Moseley Braun first entered public office when she was elected to the Illinois House in 1978. She served for 10 years there before becoming Recorder of Deeds. Seeking more out of public office, Moseley Braun ran for the U.S. Senate, challenging Democratic Incumbent Alan Dixon, in the midst of Clarence Thomas’s controversial Supreme Court nomination. She believed that democracy, including Senate seats, should be open to everyone, not just rich, white men. At the time there were only two women, and no people of color serving in the Senate. 

During her campaign, Moseley Braun focused on Dixon’s support of Thomas and defeated Dixon and another primary opponent with 38 percent of the vote. She went on to beat her Republican challenger, Richard Williamson by 10 points and was elected as part of the Year of the Woman, when five Democratic women were elected to the U.S. Senate after male senators shepherded Thomas to confirmation despite facing credible sexual harassment allegations. 

While serving in the Senate, Moseley Braun became the first woman to serve on the Senate Finance Committee and used her position to advance social issues that affected women and African Americans. On two occasions she went head to head with Jesse Helms, the notoriously racist senator from North Carolina. She first blocked an extension of a federal patent for the United Daughters of the Confederacy because it contained a confederate flag, and prevailed a second time when Helms tried to block federal dollars from funding the Martin Luther King, Jr., Holiday Commission. 

Despite the symbolic importance of Moseley Braun’s election, her term was filled with several controversies and she lost her re-election. Making matters worse, the Democratic Senatorial Campaign Committee abandoned her campaign while her Repbulican opponent, Peter Fitzgerald, spent $12 million of his own money against her. She went on to serve as U.S. Ambassador to New Zealand and in 2000 and in 2004 she ran unsuccessfully for the Democratic nomination for president, making her the second African American woman to attempt it after Shirley Chisolm. 

The abrupt end of her political career is illustrative of the burden women of color routinely face in politics and other professional realms. Unlike Moesely Braun, the other four women elected to the U.S. Senate with her served multiple terms.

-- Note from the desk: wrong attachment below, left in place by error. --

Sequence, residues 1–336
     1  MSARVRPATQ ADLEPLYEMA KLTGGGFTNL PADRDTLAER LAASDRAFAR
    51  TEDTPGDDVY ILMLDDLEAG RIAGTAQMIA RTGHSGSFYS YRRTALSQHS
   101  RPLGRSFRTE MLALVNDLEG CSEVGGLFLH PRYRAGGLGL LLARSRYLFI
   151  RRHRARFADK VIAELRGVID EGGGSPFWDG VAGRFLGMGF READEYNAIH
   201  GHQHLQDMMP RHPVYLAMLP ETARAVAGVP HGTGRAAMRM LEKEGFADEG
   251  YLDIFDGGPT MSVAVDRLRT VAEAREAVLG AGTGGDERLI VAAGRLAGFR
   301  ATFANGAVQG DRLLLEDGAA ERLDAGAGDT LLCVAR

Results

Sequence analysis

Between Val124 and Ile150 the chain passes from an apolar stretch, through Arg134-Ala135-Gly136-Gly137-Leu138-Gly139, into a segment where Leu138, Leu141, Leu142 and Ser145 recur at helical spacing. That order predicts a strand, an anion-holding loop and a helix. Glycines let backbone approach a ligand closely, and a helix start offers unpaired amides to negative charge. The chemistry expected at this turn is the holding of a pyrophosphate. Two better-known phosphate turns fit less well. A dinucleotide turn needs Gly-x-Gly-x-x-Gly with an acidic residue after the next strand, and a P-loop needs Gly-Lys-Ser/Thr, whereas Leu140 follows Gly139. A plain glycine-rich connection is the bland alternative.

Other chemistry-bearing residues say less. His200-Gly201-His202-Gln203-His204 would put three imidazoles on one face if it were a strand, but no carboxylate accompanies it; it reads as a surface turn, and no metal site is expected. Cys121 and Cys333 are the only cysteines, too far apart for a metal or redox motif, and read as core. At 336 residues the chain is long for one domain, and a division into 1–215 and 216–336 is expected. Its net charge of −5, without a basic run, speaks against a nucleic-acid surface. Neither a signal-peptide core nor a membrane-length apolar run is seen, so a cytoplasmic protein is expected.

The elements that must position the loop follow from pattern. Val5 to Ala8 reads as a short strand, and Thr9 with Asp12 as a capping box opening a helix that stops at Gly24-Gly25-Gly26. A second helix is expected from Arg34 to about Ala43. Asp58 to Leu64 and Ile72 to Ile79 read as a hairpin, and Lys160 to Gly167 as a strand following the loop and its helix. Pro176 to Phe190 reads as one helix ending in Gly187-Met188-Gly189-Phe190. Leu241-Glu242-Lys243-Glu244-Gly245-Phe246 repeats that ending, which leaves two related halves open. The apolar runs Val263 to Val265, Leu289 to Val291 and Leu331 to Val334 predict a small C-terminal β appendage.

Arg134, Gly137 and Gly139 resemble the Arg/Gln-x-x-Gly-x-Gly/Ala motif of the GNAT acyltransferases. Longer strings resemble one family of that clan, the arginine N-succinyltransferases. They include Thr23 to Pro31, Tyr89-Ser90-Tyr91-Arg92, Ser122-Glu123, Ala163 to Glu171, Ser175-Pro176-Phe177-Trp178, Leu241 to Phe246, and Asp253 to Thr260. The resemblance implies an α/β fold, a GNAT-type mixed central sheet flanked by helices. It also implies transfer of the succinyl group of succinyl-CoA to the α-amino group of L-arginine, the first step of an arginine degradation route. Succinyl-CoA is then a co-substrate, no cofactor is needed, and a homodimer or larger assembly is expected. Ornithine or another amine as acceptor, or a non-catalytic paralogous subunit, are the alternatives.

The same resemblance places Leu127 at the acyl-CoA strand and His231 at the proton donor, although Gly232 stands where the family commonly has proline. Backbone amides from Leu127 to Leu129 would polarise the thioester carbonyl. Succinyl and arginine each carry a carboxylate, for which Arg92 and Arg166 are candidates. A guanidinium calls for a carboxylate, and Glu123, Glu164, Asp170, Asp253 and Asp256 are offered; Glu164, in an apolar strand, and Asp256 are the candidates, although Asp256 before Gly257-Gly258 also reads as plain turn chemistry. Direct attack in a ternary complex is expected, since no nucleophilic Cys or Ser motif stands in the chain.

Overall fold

Coleman Young

(Source: Associated Press)

Coleman Young was the first African American mayor of Detroit, MI. He served five terms and committed himself to improving race relations during one of the city’s most difficult eras. 

Young was born in Tuscaloosa, AL, but spent the majority of his life in Detroit. After high school he worked at Ford Motor Company and joined the United Auto Workers. He was later drafted during WWII to serve with the legendary Tuskegee Airmen, and organized a demonstration that led to the unlawful arrest of 150 African American officers who attempted to integrate an officer’s club.

After his military service, Young returned to Detroit and founded the National Negro Labor Council, which contributed to his radical reputation. He was called before Joe McCarthy’s House Un-American Activities Committee, suspected and accused of being a member of the Communist Party. During his testimony, Young refused to confirm or deny his political affiliation, and instead used his appearance to draw attention to the un-American treatment African Americans faced throughout the country. His performance played well back in Detroit’s black community, but had the opposite effect in the white community, which forced him out of the labor movement.

Young first ran for public office in 1964 when he was elected to the Michigan State Senate, where he passed a law that required arbitration in disputes between public-sector unions and municipalities.  

After serving in the state senate for 10 years, Young ran to be mayor of Detroit. At the time, the city was suffering severe decline, accelerated by the 1967 Detroit riots. Young ran on a platform of reducing police violence, improving race relations, and revitalizing the economy. During his first term, Young disbanded the Detroit Police Department’s STRESS (Stop the Robberies and Enjoy Safe Streets) Unit, which had been accused of killing 22 people and arresting hundreds of people without cause. He also integrated the city’s police department, increasing the percentage of African American police officers from 10 to 50 percent. During the rest of his five terms, Young attempted to advance affirmative action efforts to ensure the city employed more African Americans and provided more integrated housing.